By Guest Blogger: Kelvin Claveria, Blogger at KCCLAVERIA.COM
A couple of weeks ago, I attended NetSquared Camp Vancouver, an unconference that brings together social media users and web innovators with social change makers and nonprofits to swap stories, mix ideas, and build new relationships. The purpose of the highly successful event was to empower non-profits with emerging tools, trends, and best practices, allowing them to fulfill their mission statements in new and innovative ways.
Although I’ve taken away many insights from the event, what struck me most was the session titled “How NGOs win on Facebook”. The folks at Capulet Communications looked at thousands of posts from a number of big non-profits to answer two questions:
-What kind of content earns the most likes, comments and shares?
-Which organizations are killing it on Facebook?
Some of their findings are not really surprising. For instance, they found that that photos and videos tend to get the most engagement. They also found that non-profits that are less self-promotional tend to find success on Facebook.
Where the study got interesting, however, is when they dug in deeper and looked at the most “engaging” photos to see why those images received the most likes, shares, and comments.
When people talk about photos in social media, they tend to talk about the technical stuff: rule of thirds, composition, balance, etc. But when it comes to getting people engaged, a technically superb photo isn’t sufficient.
Based on the top photos from Capulet’s Facebook study, here are four tips that you should consider when selecting images to share on social media.
1. APPEAL TO EMOTIONS.
Use photos to get your audience to react emotionally. Get them disgusted over an environmental issue. Or perhaps use an image that will get them excited over a news story about your organization. Make them happy with cute photos of babies, or perhaps make them depressed with striking images of famine or war.
Emotions are powerful, and an image is the perfect tool to get people to feel.
2. BE INTERESTING.
All the photos that got a high engagement in the study were interesting.
Of course, what qualifies as “interesting” is subjective, but I think you’ll know that a photo is interesting when you see one.
To make the mundane more interesting, I suggest experimenting – a lot. For example, try shooting from a different angle. You can also try zooming in or out to catch a different view. More importantly though, keep your eyes open for anything in your organization that might seem boring and “normal” to you but may actually fascinate an outsider looking in.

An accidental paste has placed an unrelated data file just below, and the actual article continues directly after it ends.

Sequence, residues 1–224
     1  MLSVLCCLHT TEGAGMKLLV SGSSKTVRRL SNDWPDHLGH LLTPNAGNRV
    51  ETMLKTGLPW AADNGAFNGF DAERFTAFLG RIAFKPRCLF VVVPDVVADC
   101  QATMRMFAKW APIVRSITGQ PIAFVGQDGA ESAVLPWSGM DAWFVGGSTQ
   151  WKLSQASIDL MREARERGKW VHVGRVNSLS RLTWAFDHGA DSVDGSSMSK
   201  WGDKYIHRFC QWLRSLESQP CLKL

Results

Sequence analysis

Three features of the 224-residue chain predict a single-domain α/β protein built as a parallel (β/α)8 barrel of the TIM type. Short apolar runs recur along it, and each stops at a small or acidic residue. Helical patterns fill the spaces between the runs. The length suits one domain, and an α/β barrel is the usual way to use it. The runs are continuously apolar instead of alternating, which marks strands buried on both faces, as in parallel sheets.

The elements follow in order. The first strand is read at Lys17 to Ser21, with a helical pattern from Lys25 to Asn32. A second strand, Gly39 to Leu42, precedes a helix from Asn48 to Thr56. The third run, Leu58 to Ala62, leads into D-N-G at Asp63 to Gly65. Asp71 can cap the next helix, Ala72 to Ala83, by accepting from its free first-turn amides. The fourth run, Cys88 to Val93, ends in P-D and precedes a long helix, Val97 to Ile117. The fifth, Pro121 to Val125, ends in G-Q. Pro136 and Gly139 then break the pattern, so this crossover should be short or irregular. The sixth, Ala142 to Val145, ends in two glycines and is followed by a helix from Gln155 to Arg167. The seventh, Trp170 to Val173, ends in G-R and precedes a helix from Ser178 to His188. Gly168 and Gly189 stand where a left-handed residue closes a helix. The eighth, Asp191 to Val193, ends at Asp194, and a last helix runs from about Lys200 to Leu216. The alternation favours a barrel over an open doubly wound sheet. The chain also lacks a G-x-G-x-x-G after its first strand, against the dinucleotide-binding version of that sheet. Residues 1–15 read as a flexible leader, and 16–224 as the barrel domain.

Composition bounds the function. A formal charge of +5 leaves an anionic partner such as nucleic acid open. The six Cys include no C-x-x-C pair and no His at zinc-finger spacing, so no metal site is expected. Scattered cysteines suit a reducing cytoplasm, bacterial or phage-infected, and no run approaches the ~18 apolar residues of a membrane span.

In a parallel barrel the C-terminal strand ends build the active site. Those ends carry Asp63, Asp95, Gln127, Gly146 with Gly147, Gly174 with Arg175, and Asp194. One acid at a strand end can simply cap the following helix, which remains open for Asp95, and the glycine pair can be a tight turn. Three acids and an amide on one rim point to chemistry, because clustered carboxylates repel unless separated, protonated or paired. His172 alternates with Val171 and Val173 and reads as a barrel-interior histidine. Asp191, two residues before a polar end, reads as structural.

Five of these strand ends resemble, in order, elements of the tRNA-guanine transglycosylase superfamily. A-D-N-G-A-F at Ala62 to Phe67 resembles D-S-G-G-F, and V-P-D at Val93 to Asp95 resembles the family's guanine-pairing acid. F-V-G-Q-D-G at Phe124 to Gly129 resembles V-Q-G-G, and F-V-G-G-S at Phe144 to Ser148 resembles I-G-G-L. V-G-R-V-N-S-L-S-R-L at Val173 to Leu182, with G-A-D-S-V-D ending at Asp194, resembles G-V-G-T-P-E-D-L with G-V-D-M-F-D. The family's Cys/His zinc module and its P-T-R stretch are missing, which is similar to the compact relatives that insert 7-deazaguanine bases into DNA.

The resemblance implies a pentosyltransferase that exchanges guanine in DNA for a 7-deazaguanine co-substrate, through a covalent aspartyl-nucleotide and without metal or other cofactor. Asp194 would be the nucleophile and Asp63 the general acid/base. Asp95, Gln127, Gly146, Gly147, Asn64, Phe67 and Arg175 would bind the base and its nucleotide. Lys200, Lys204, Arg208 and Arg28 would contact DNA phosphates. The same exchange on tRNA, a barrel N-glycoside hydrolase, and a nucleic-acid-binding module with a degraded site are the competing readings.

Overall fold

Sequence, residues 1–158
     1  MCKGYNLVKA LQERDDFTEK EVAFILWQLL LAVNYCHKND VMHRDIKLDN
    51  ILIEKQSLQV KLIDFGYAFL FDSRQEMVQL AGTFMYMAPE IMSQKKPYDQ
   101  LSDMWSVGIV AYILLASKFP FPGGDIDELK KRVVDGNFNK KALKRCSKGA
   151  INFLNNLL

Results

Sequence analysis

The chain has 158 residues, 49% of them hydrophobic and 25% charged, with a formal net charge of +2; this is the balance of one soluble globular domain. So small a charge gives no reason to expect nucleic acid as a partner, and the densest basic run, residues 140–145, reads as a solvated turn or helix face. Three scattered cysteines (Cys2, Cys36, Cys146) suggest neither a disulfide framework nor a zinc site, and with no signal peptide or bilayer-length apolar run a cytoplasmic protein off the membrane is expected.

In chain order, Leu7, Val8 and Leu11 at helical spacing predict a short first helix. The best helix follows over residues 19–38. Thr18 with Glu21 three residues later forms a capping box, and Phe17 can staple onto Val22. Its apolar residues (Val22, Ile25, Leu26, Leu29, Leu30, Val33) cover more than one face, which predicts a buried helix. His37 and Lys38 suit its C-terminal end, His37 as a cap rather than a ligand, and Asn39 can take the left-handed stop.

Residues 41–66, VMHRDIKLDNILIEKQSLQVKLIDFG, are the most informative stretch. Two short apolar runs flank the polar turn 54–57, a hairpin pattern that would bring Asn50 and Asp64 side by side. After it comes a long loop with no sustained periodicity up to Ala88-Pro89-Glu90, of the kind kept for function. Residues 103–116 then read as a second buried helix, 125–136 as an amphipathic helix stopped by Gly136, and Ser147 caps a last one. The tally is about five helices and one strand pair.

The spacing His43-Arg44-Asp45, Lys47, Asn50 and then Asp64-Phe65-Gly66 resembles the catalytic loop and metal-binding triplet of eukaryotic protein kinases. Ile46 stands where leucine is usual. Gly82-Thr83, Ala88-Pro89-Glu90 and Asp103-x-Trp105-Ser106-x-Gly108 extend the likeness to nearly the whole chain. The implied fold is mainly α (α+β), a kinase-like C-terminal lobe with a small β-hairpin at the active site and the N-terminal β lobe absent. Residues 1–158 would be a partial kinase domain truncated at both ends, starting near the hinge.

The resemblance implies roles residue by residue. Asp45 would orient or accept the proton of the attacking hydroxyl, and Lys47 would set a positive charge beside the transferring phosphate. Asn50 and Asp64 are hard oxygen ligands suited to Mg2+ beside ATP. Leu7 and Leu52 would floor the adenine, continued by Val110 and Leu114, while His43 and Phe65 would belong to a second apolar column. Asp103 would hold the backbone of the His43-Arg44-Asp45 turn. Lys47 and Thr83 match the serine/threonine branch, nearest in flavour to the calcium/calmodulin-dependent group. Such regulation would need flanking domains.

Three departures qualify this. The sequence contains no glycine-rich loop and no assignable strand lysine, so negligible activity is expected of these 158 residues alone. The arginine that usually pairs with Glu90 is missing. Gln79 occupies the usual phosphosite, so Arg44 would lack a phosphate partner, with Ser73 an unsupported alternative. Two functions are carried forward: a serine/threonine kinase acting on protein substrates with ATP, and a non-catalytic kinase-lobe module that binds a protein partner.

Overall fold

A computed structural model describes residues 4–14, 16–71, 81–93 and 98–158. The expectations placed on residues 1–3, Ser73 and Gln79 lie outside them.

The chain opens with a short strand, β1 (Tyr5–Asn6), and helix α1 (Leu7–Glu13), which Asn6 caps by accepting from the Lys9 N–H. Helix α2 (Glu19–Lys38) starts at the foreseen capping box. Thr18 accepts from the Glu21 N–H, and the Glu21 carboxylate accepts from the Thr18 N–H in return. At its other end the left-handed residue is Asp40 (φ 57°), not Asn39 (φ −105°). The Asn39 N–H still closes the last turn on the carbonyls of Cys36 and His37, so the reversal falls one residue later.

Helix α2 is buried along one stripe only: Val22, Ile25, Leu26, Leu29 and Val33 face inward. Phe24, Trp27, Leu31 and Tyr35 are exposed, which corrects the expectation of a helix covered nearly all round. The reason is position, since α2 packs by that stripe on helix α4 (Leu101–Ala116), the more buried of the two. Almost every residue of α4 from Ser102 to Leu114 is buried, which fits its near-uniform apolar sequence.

Photo credit: Surfrider.org
3. CONSIDER ADDING A SIMPLE MESSAGE TO YOUR PHOTO.
This was certainly a surprise for me. As it turns out, adding text over photos do work. The Surfrider example above would have worked okay if it just had the image, but adding the text “What goes in the ocean, goes in you” made the message clearer and drove home the point.
I don’t see many organizations doing this yet, but if you do, make the message concise. Also, keep the formatting simple and clean. You wouldn’t want the message to ruin your photo.
4. SHARE TIMELY PHOTOS.
Images that are relevant to specific events — e.g. Valentine’s Day — received a lot of likes and comments. Organizations that took advantage of memes (e.g. the “S—t girls say” meme) also saw more engagement on Facebook.
Keep your eyes peeled for timely events and discussions where your organization or business might be able to contribute.
WHAT TYPE OF PHOTOS DO YOU “LIKE”?
With the growing popularity of Pinterest and with cell phones’ cameras continuing to improve, we can only assume thatphotos will remain an important part of the social media culture. Consider the tips here to make sure that your photos stand out and that they tell your organization’s stories well.
Your turn – what type of photos do YOU comment on, share, or like on Facebook? Share your tips below.
Kelvin Claveria is a Marketing Generalist who blogs about marketing and social media and a regular Guest Blogger for Getinvolved.ca. Kelvin has extensive experience working in the NFP sector and has worked with Volunteer Services at Simon Fraser University. Kelvin is currently working at a PR firm in Vancouver. Find out more about Kelvin or get in touch at firstname.lastname@example.org. You can view Kelvin’s other Getinvolved! Blogs here.
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